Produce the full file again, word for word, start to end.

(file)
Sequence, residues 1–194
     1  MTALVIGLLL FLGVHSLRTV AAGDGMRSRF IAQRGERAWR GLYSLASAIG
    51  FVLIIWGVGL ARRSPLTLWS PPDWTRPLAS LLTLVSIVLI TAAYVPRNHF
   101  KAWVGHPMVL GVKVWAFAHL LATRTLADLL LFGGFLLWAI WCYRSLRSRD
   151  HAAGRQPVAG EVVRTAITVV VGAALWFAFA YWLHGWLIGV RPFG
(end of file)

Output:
Sequence, residues 1–194
     1  MTALVIGLLL FLGVHSLRTV AAGDGMRSRF IAQRGERAWR GLYSLASAIG
    51  FVLIIWGVGL ARRSPLTLWS PPDWTRPLAS LLTLVSIVLI TAAYVPRNHF
   101  KAWVGHPMVL GVKVWAFAHL LATRTLADLL LFGGFLLWAI WCYRSLRSRD
   151  HAAGRQPVAG EVVRTAITVV VGAALWFAFA YWLHGWLIGV RPFG